Our paper on the dynamics of social trust is now online. Abstract: High levels of trust have been linked to a variety of benefits including the well-functioning of markets and political institutions or the ability of societies to solve public goods problems endogenously. While there is extensive literature on the macro-level determinants of trust, the micro-level processes underlying the emergence and stability of trust are not yet sufficiently understood. We address this lacuna by means of a computer model. In this paper, conditions under which trust is likely to emerge and be sustained are identified. We focus our analysis mainly on the individual characteristics of agents: their social or geographical mobility, their attitude towards others or their general uncertainty about the environment. Contrary to predictions from previous literature, we show that immobile agents are detrimental to both, the emergence and robustness of trust. Additionally, we identify a hidden link between trusting others and being trustworthy. (pdf)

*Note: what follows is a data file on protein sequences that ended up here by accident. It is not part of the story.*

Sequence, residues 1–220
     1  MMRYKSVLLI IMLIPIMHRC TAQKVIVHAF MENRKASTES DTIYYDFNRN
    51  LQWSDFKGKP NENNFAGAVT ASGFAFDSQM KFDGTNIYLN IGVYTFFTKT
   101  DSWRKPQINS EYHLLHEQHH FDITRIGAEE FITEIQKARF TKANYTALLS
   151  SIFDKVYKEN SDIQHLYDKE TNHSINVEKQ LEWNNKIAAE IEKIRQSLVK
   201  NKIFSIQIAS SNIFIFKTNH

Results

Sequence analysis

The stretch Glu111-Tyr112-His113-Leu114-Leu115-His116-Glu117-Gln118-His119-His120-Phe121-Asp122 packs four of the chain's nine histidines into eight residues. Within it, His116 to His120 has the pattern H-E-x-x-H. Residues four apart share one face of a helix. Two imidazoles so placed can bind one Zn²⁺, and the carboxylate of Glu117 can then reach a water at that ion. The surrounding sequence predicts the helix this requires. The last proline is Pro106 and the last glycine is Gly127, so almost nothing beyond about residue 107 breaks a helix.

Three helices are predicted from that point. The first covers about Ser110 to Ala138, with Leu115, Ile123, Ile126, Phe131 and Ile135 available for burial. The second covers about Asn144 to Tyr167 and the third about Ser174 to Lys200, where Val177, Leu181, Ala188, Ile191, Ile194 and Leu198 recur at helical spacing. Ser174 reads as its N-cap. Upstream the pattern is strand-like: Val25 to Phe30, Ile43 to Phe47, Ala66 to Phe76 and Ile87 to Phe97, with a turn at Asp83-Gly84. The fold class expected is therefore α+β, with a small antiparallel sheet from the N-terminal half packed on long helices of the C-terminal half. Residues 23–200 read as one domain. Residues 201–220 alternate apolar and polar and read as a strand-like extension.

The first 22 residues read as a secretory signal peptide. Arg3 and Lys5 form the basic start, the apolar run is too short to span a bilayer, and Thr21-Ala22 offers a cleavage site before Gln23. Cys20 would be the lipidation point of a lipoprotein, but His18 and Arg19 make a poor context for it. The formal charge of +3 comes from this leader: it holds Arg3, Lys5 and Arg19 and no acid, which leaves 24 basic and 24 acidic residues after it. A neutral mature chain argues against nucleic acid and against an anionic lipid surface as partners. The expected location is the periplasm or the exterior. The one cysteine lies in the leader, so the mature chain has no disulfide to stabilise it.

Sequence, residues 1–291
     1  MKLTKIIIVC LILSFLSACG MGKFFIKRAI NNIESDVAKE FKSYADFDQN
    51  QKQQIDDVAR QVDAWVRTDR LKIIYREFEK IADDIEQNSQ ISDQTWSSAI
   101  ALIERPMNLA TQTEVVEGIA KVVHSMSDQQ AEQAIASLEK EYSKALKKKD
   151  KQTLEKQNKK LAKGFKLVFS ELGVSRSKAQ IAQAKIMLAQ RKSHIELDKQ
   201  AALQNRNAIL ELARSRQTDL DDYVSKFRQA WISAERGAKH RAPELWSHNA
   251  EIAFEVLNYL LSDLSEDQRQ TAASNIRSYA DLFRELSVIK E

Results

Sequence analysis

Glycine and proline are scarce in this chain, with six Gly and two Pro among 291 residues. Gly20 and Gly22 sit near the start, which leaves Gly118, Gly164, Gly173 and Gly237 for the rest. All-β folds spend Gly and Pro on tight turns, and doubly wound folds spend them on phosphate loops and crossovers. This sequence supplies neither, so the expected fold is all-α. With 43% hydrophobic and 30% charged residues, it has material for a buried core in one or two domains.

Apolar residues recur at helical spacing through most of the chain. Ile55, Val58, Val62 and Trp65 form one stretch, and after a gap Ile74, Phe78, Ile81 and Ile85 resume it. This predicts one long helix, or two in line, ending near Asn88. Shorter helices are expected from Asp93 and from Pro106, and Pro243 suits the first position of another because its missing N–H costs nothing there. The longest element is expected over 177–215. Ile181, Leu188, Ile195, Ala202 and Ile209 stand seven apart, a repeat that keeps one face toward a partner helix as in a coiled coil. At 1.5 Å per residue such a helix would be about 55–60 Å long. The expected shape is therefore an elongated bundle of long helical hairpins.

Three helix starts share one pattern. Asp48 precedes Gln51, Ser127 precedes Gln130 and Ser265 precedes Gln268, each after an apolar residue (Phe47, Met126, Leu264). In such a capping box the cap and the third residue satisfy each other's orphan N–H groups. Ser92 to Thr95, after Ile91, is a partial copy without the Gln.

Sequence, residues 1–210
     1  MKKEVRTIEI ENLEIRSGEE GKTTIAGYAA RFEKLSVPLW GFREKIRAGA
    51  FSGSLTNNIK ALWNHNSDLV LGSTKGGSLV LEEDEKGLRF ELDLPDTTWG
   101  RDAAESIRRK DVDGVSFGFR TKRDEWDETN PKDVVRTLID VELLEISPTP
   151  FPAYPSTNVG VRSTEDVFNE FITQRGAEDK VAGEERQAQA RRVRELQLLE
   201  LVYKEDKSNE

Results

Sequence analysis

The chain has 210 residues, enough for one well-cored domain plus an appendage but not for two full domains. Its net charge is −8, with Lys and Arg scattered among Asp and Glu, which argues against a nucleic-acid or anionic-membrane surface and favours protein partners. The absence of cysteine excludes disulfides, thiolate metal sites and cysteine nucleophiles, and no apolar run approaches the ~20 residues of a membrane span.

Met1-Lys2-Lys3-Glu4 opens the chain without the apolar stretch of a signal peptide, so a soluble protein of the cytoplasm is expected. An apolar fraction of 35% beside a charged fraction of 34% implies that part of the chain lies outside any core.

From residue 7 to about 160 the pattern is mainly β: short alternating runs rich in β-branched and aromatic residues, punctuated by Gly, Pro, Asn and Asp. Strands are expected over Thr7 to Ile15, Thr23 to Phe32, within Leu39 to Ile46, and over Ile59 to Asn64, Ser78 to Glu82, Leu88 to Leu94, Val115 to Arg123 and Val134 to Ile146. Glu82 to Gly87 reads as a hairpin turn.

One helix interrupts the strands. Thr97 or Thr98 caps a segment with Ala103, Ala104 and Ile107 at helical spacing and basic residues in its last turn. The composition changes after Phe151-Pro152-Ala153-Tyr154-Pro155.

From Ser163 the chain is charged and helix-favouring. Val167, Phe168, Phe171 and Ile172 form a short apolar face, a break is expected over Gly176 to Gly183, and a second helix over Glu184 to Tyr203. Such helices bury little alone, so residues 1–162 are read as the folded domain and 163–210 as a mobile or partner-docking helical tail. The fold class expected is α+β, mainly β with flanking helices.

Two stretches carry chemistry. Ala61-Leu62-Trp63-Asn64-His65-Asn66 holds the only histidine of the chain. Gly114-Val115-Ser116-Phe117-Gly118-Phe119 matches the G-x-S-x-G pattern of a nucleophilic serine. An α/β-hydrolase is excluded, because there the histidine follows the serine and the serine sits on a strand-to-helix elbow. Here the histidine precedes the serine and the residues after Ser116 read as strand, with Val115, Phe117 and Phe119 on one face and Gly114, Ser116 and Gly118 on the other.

Our special issue in Historical Social Research on Agent-based Modeling in Social Science, History, and Philosphy has just been released. Many thanks to my Co-Editors Dominik Klein and Kai Fischbach.
Agent-based modeling has become a common and well-established tool in the social sciences and certain of the humanities. Here, we aim to provide an overview of the different modeling approaches in current use. Our discussion unfolds in two parts: we first classify different aspects of the model-building process and identify a number of characteristics shared by most agent-based models in the humanities and social sciences; then we map relevant differences between the various modeling approaches. We classify these into different dimensions including the type of target systems addressed, the intended modeling goals, and the models’ degree of abstraction. Along the way, we provide reference to related debates in contemporary philosophy of science.
Here, you can find the abstracts of the included articles.